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Using the SQL ORDER BY statement

The ORDER BY clause is used to specify the return order of a query string. Put simply it is a way of choosing one or more columns by which the return data will be sorted. It can be used with most SELECT statements and generally appears as one of the last clauses in a query string.

ORDER BY can have two possible values.

Ascending meaning to start with the lowest and increase.
Descending meaning to start with the largest and decrease.

An example query using ORDER BY would look something like this.

SELECT * FROM table_name ORDER BY column_name DESC

This would return any rows sorted by the column_name in descending order.

The ORDER BY clause will sort both numerical values and textual values. In the case of text the letter A is considered low and the letter Z is high. Special Characters occur after the Z character.

Important! Text and numerical columns

When sorting data from a column that is set to a text value it is important to understand that the ordering is done by a single character at a time. This is simple enough when dealing with text. It means however that when ordering numbers within a text column those numbers are not treated as numerical indices.

For example in a text column a value of 2 will appear after a value of 100 in an ascending order query as only the first characters 2 and 1 will be directly compared. To get these values to appear in a purely numerical order they would need to be shown as 002 and 100.

To sort numbers as actual numerical values they must appear within a column that is set to take numerical values only.

ORDER BY multiple columns

Ordering by more than one column is also possible by stating the relevant columns as shown.

SELECT * FROM table_name ORDER BY col_one, col_two DESC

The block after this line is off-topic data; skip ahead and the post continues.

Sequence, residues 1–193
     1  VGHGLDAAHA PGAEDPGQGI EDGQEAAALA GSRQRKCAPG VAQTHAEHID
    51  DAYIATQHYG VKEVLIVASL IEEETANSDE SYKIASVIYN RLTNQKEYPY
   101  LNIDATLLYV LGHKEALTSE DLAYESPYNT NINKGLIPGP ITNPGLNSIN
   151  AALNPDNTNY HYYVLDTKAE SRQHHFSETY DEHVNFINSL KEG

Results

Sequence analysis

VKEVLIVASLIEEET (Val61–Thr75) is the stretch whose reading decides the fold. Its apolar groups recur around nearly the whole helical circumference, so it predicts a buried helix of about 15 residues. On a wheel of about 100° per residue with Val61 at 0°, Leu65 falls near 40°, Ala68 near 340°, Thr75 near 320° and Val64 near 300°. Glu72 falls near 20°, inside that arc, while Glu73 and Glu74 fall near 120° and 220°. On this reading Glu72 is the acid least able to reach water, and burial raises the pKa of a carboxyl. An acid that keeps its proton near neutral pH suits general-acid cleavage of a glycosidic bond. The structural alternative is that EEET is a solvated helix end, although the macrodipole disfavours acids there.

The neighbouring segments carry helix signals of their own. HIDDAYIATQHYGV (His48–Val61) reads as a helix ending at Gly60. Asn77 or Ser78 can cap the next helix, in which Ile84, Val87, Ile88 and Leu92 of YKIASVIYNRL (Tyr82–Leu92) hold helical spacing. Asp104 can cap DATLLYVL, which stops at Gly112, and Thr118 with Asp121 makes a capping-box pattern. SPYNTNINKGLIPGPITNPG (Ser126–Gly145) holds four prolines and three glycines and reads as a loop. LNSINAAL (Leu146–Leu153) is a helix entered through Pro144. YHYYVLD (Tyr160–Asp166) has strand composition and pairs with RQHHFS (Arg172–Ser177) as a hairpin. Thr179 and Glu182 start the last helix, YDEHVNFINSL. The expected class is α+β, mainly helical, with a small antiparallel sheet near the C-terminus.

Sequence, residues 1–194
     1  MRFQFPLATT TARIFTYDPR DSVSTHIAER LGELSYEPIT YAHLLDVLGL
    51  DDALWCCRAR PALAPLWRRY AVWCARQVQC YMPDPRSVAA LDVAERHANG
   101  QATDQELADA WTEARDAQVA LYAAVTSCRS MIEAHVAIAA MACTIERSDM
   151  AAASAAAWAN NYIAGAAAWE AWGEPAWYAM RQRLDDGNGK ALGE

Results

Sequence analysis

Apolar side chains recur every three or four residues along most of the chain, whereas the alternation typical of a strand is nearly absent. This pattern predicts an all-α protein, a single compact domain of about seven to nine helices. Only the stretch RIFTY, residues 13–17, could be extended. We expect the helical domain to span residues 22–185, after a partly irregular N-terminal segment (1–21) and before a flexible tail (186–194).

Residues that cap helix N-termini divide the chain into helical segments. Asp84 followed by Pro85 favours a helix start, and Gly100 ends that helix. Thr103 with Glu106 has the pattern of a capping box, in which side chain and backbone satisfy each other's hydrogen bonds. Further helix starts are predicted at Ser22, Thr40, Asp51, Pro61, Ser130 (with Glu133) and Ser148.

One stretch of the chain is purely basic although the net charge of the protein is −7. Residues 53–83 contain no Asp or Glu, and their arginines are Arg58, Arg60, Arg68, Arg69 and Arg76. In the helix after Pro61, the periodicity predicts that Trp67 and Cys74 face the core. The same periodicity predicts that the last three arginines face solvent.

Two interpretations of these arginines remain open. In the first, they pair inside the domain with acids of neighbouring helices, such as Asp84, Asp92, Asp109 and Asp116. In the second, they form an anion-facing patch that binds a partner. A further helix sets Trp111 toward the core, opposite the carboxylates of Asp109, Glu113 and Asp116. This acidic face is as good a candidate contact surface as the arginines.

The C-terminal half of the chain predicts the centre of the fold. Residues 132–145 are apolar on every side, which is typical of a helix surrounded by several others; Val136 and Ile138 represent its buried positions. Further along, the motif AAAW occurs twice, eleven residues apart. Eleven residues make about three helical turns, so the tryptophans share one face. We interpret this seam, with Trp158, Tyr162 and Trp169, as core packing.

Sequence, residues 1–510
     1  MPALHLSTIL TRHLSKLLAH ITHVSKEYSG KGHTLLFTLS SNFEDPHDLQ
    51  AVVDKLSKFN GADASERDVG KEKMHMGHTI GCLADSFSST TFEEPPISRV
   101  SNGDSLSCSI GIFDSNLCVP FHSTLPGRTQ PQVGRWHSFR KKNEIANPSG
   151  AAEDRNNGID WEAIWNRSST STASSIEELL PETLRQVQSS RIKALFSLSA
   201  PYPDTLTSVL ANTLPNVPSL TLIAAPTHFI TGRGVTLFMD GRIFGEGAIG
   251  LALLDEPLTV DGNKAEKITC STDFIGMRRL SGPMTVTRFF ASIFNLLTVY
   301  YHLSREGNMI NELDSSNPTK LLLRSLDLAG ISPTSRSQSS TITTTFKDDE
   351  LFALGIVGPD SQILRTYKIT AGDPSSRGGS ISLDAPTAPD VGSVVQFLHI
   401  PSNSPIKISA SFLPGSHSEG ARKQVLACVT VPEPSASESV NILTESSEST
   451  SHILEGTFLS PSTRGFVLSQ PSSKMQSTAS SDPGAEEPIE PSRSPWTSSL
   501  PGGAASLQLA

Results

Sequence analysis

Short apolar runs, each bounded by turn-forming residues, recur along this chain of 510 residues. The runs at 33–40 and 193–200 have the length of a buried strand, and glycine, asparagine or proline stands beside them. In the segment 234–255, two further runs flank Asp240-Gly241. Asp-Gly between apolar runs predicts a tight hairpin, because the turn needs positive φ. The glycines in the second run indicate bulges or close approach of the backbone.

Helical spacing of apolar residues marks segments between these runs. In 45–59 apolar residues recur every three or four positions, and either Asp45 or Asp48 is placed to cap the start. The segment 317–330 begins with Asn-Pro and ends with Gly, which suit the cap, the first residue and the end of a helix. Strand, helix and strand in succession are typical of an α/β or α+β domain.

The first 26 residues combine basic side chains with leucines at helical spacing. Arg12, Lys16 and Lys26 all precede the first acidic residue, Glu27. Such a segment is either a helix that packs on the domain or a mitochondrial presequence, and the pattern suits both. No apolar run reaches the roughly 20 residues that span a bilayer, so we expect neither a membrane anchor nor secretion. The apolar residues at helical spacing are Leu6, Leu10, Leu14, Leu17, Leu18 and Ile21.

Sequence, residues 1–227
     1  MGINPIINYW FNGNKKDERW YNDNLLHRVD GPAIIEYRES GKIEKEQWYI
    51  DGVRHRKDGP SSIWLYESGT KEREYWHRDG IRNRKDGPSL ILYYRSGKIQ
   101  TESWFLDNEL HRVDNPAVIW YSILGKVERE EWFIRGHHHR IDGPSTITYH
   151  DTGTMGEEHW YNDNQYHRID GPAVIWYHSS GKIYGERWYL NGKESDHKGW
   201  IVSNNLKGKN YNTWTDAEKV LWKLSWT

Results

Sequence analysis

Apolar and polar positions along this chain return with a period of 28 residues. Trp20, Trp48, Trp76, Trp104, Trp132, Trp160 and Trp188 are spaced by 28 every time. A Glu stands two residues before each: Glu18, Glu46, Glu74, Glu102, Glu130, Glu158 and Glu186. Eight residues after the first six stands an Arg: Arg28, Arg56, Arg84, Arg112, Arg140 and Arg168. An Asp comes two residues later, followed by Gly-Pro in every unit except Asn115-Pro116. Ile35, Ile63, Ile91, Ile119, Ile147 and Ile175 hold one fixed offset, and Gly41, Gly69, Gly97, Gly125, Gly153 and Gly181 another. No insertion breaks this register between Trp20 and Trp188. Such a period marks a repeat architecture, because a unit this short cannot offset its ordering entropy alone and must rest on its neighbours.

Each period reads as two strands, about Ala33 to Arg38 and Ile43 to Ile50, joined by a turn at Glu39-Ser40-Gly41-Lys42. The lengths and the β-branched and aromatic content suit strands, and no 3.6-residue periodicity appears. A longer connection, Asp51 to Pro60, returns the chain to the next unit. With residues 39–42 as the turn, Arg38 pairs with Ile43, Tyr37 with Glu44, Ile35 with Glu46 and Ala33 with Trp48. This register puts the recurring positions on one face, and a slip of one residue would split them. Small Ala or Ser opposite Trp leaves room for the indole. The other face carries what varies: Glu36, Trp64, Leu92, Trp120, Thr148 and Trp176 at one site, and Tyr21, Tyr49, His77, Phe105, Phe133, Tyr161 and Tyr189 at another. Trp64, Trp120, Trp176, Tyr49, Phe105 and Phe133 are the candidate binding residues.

In this case the return data will be ordered by col_one and then where there are repeated values from col_one they will then be ordered by the values in col_two.

In the following example the column named grade is a text column, as such the numerical values are treated as text as explained above.

ORDER BY Example

The below example shows how you would order data extracted from a table named grade by multiple columns. It also shows how different data types are delt with during the ORDER BY process

id name grade
1 ben A
2 bob B
3 ann A
4 amy B
5 tim 100
6 dan A
7 lea 50
8 zoe *

So a valid ordered query would be.

SELECT name, grade FROM grade_table ORDER BY grade, name ASC

And the results would look like this.

name grade
tim 100
lea 50
ann A
ben A
dan A
amy B
bob B
zoe *

You can see from these results how the ORDER BY clause deals with different data types. It is often a good idea to limit your ORDER BY statements to columns which contain only one data type.

Proceed to the next article below to see how we can add more clauses to our queries to effect their returned results.

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